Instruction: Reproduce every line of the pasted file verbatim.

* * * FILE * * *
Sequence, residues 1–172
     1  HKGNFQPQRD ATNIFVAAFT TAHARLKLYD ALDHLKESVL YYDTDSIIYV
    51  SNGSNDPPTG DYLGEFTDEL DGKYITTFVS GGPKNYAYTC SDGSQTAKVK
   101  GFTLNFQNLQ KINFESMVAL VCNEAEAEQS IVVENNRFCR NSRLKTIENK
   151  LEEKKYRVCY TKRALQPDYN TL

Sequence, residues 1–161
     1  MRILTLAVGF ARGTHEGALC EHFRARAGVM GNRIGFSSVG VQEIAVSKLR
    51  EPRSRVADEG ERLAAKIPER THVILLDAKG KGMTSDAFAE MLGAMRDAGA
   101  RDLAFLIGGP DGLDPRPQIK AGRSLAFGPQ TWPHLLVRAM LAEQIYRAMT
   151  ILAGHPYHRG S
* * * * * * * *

Sequence, residues 1–172
     1  HKGNFQPQRD ATNIFVAAFT TAHARLKLYD ALDHLKESVL YYDTDSIIYV
    51  SNGSNDPPTG DYLGEFTDEL DGKYITTFVS GGPKNYAYTC SDGSQTAKVK
   101  GFTLNFQNLQ KINFESMVAL VCNEAEAEQS IVVENNRFCR NSRLKTIENK
   151  LEEKKYRVCY TKRALQPDYN TL

Sequence, residues 1–161
     1  MRILTLAVGF ARGTHEGALC EHFRARAGVM GNRIGFSSVG VQEIAVSKLR
    51  EPRSRVADEG ERLAAKIPER THVILLDAKG KGMTSDAFAE MLGAMRDAGA
   101  RDLAFLIGGP DGLDPRPQIK AGRSLAFGPQ TWPHLLVRAM LAEQIYRAMT
   151  ILAGHPYHRG S